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dc.contributor.advisorJane Njorogeen_US
dc.contributor.authorOtieno, Sam Onyango
dc.date.accessioned2022-08-22T12:35:34Z
dc.date.available2022-08-22T12:35:34Z
dc.date.issued2022
dc.identifier.urihttp://ir-library.ku.ac.ke/handle/123456789/24030
dc.description.abstractThe transfer of police officers has been associated with a decrease in police productivity, poor job satisfaction among officers mainly when officers are not comfortable with aspects of transfers such as timing and geography. This issue has been contributing to incidences of police brutality and resignation of officers from the service. Despite that, scarce empirical literature concerning how these transfers influence police officers at individual level including their personal development has been published. This study sought to explore the effect of police transfers on the personal development of administration police officers. The objectives of this study were to explore influence of timing and frequency of transfers on personal development; effect of transfer benefits on personal development; effect of change in physical environment on personal development; the influence of distance of workstation from home on personal development. This study was guided by the expectancy-value theory and the street-level bureaucratic theory using a descriptive research design. The target population for this study was all the officers working in the border patrol unit of the Administration police service. The study involved 100 officers out of the 2920 officers assigned to the Border Police Unit. Purposive sampling technique was used to select the respondents with thorough regards for their anonymity and confidentiality of their participation including identity free responses. Semi-structured questionnaires were used to collect data, which was then sorted, coded, and analyzed through descriptive and inferential analysis. The study showed that time-and-frequency of transfer, area geography, and distance of transfer have a varying negative effect on personal development while post-transfer benefit has a positive effect on personal development. The study recommends policy makers to formulate a regular and predictable transfer schedule for police officers that consider the personal lives of officers and the transfer objectives.en_US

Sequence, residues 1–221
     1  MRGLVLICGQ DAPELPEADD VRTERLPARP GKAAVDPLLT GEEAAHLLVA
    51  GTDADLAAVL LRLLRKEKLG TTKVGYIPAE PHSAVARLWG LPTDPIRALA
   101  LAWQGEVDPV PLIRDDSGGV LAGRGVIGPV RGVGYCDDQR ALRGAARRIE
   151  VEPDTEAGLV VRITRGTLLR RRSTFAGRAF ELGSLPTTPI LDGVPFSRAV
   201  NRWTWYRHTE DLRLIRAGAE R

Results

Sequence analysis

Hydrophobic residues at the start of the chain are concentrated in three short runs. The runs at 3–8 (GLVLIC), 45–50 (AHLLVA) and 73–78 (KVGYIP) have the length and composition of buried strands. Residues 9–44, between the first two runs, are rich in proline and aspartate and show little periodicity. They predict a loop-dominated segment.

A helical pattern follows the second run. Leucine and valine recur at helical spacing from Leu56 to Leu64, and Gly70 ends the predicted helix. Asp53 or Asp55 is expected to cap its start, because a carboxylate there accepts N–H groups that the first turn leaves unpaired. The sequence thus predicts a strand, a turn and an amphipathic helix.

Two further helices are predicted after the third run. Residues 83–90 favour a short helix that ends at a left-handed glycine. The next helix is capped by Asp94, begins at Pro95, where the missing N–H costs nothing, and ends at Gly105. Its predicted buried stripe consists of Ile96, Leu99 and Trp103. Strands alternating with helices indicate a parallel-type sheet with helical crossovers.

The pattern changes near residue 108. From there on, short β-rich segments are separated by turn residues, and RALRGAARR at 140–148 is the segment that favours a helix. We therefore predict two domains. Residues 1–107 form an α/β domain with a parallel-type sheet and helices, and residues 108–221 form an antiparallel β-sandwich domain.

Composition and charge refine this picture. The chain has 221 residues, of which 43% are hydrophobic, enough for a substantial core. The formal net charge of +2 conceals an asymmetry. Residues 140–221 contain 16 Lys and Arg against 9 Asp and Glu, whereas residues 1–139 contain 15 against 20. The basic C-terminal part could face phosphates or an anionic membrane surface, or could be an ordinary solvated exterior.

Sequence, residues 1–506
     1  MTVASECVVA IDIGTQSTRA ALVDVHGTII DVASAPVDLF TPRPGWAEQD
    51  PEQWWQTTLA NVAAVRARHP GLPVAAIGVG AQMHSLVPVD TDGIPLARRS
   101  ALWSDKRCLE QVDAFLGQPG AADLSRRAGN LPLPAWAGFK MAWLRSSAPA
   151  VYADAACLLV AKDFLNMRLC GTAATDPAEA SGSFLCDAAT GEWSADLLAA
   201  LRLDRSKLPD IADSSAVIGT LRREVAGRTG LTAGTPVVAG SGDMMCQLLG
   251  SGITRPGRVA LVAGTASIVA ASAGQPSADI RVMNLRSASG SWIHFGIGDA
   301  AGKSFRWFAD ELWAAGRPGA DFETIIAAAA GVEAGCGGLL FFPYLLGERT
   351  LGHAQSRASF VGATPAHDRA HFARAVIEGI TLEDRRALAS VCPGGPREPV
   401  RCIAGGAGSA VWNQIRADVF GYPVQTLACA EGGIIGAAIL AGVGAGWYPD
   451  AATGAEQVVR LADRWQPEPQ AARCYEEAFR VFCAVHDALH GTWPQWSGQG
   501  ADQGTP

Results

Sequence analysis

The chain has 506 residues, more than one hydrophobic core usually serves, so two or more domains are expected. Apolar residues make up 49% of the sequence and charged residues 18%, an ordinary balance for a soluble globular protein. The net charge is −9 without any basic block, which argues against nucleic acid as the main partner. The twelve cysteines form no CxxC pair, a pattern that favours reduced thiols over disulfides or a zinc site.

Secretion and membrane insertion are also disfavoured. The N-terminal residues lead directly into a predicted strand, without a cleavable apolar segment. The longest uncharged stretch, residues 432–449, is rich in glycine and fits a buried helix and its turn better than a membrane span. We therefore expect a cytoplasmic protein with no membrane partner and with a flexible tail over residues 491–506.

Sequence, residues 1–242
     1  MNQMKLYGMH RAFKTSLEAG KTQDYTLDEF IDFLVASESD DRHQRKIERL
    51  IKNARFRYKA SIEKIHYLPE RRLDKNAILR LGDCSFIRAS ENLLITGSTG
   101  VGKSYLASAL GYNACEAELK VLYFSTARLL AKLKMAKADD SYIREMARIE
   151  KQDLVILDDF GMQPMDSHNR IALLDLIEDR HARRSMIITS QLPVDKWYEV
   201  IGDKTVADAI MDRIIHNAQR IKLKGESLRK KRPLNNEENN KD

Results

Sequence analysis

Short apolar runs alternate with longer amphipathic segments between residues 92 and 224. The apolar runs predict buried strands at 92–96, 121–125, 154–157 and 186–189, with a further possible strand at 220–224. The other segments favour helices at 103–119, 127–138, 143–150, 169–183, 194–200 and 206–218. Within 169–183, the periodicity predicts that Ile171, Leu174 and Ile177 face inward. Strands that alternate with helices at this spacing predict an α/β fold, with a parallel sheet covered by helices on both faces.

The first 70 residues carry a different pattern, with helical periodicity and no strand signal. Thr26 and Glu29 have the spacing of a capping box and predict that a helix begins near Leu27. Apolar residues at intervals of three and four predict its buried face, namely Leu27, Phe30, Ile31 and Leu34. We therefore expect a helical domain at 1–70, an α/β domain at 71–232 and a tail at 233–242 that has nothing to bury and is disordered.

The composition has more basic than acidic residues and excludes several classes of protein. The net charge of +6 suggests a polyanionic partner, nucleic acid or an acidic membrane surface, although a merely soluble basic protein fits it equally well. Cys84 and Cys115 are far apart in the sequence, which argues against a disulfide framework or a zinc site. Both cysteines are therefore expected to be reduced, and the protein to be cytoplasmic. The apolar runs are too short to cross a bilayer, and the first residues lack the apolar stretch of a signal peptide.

dc.description.sponsorshipKenyatta Universityen_US
dc.language.isoenen_US
dc.publisherKenyatta Universityen_US
dc.subjectAdministration Police Serviceen_US
dc.subjectPublic Serviceen_US
dc.subjectEmployee Transferen_US
dc.subjectEmployee Personal Developmenten_US
dc.subjectKenyaen_US
dc.titleEmployee Transfer and Employee Personal Development in the Public Service: A Case of Administration Police Service in Kenyaen_US
dc.typeThesisen_US


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